A woman who got caught up in a toxic relationship, and became addicted to drugs has been given a chance to turn her life around.
Fiona Jane Hodgetts fronted the Launceston Magistrates Court on Thursday afternoon, facing a myriad of drug, firearms, and driving-related charges.
The court heard the 34-year-old woman had committed 48 offences in a 16-month period from December 2019 to March this year.
She was caught driving with drugs in her system five times, found in possession of drugs including cannabis, methamphetamine, and dextroamphetamine six times, breached her court-ordered curfew six times, and breached bail when she failed to appear in court.
Hodgetts was also charged with unlawful possession of property over thousands of dollars of items found in a storage unit, and for possession of firearms without a licence, and possession of stolen firearms.
Some of the firearms included rifles, shotguns, and a shortened firearm, as well as ammunition for those firearms.
On one single occasion she was found with 10 different firearms, and on another, police found seven rifles, a pistol and a homemade gun.
She pleaded guilty to every charge.
While the crimes she committed were considered "very serious", Magistrate Ken Stanton said Hodgetts had a relatively clean record prior to the string of offences.
He said her case was evidence drugs continued to be a "grave social evil".
"You are as much a victim of it as you are a perpetrator," he said.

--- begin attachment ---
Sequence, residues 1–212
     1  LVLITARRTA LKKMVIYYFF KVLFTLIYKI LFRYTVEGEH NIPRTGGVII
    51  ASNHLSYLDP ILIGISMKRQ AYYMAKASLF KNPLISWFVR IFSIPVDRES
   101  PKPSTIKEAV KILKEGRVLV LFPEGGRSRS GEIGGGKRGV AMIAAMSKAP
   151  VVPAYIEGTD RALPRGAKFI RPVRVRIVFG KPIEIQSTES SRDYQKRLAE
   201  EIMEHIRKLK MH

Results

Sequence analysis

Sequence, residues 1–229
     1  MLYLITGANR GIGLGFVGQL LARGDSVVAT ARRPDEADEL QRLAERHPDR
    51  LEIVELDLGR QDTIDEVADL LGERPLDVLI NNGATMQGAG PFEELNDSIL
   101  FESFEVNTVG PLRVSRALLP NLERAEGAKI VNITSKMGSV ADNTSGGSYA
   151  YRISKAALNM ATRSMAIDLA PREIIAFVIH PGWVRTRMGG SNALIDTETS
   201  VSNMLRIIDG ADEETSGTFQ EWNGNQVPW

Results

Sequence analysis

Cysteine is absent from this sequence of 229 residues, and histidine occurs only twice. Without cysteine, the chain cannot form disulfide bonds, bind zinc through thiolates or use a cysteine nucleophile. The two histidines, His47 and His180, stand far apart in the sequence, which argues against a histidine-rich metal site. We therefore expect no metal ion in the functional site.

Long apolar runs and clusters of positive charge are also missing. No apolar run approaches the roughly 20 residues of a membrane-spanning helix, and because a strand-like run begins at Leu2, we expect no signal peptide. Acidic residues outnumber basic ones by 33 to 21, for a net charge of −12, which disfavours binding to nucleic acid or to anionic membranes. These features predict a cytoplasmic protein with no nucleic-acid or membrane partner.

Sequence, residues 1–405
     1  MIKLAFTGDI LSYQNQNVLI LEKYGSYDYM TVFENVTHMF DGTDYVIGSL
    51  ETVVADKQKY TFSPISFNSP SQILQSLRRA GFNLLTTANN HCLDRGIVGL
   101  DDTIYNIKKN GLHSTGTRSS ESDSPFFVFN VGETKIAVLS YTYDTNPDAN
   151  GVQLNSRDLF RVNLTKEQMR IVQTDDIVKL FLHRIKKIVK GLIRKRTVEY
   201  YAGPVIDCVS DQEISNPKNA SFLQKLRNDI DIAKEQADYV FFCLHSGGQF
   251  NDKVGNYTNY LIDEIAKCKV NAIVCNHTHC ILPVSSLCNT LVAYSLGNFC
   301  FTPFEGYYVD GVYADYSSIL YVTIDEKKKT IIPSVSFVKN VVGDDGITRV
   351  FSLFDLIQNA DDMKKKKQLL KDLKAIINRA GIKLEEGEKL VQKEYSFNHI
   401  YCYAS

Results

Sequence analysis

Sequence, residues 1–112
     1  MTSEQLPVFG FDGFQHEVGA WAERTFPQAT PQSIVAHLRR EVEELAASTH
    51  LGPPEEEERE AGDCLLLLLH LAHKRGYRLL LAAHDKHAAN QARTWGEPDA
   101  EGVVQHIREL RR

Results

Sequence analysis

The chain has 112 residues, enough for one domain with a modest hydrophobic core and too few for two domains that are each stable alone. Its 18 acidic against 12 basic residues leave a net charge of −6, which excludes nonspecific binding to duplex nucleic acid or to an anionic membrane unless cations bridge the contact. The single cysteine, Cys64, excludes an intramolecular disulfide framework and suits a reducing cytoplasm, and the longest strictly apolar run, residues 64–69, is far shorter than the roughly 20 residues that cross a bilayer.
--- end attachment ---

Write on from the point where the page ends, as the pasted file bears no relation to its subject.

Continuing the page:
"You were acting under the devastating impact of your former partner. Nonetheless you participated and you must accept responsibility for your part.
"You have a surprisingly limited record in prior offending. Often offenders who offend in this way are hardened offenders."
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An emotional Hodgetts wiped tears from her eyes as Mr Stanton gave her advice during the sentencing.
"I am a magistrate, I am not a counsellor, but one of the very important things for you will be to cut off any association with others who use drugs," he told her.
"You are not a person who has in the past committed these types of offences, and it need not be your future."
She was convicted on all counts, and sentenced to 24 weeks behind bars, having already served just over 10 weeks in custody.
The remaining 13 weeks and one day was suspended for 18 months from the date of her release, and she was remanded in custody on other matters pending in the Launceston Supreme Court.
A community corrections order was also put in place, and Hodgetts was disqualified from driving for 30 months, and ordered to pay court costs.
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